Eustace the Monk
"During the Early Middle Ages the standard trading ship in northern Europe was the knorr, a vessel developed from the Viking ships that had dominated European waters since the eighth century. The knorr was pointed at both ends, open-decked, and clinker built--overlapped planks formed the hull. A single mast and square sail provided propulsion, while a steering oar acted as a rudder.
As maritime trade grew in 13th-century northern Europe, these ships were modified to improve their efficiency. An improved sail plan and bowsprit gave the vessel more speed, while raised platforms at the bow and stern provided shelter. They also acted as a fighting platform if the ship was attacked--and as maritime trade grew, so did piracy. The depiction of a battle against the pirate called Eustace the Monk in 1217 shows vessels of this type."
The History of Pirates,
"By the Middle Ages piracy was already an ancient occupation, and it experienced a remarkable upsurge in European waters as trade increased.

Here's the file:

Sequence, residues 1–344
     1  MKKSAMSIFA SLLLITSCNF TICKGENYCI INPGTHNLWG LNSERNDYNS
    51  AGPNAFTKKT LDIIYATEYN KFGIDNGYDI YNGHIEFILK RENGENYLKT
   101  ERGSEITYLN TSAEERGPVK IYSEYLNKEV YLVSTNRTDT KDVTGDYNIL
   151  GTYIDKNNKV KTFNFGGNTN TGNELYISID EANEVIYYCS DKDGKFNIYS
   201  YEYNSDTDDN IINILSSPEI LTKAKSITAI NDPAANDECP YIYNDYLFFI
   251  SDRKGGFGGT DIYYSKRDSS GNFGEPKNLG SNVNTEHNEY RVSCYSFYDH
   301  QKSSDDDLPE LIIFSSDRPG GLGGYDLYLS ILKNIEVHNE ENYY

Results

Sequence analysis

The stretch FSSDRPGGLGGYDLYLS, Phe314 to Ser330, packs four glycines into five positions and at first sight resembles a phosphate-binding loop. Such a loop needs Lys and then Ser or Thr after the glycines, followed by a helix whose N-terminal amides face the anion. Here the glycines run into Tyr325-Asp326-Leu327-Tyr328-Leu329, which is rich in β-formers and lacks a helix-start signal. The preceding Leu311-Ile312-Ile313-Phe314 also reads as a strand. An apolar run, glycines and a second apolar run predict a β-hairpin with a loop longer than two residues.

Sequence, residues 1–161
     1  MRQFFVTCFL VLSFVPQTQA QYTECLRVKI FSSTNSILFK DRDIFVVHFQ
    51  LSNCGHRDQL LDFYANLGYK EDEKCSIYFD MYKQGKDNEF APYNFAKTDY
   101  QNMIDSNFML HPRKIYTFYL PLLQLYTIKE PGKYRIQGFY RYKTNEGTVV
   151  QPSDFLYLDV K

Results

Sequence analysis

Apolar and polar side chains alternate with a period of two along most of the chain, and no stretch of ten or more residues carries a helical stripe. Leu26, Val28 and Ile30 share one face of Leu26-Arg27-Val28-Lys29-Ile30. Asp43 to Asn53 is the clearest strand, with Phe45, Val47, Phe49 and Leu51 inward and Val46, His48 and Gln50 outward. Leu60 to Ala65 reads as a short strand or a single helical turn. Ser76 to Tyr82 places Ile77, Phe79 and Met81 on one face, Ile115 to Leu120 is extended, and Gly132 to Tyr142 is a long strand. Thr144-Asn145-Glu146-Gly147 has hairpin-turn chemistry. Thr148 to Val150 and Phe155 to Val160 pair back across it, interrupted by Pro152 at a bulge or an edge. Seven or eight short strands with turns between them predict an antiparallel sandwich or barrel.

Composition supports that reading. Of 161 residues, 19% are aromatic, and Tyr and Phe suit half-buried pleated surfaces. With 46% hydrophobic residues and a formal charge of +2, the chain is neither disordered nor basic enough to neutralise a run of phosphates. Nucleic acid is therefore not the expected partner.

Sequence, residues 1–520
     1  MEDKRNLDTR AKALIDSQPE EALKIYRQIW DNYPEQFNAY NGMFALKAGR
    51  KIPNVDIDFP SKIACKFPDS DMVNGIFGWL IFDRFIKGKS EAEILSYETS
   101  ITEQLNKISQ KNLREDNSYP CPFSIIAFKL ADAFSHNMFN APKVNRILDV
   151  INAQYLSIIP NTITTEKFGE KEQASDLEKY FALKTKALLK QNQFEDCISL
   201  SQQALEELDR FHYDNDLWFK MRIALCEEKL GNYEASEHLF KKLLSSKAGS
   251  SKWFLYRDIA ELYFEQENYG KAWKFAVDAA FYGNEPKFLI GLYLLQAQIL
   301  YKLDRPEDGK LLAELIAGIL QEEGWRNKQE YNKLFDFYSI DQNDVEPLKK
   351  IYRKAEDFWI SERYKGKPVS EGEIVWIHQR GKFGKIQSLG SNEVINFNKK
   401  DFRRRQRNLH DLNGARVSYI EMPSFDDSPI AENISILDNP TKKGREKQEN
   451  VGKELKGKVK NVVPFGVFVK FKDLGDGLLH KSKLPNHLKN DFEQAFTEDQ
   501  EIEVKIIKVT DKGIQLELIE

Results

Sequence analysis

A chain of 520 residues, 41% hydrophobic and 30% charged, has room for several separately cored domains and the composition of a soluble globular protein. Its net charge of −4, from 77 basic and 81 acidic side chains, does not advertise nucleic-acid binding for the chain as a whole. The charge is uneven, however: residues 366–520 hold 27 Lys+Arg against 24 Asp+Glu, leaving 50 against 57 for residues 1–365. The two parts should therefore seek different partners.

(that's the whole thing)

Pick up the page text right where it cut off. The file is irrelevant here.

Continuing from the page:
Among the most brazen brigands was Eustace the Monk, a renegade Flemish cleric who plundered French shipping for England's King John. But his greed led him to prey on English ships as well, and in 1212 he was forced to flee England.
Eustace then sold his services to the French and led an attempt to invade England. But the English sailors blinded the French by hurling lime at their ships and then followed up with a deadly rain of arrows. Eustace was captured and decapitated on the spot."
The Seafarers: THE PIRATES,
Image to follow
Medieval pirate Eustace the Monk, a fall-away cleric believed to have black magical power, is executed after his defeat in the Straits of Dover in 1217. Matthew Paris--a monk in good standing-- vividly recorded his demise with this dramatic sketch.
historical reference : SURRENDER : witness accounts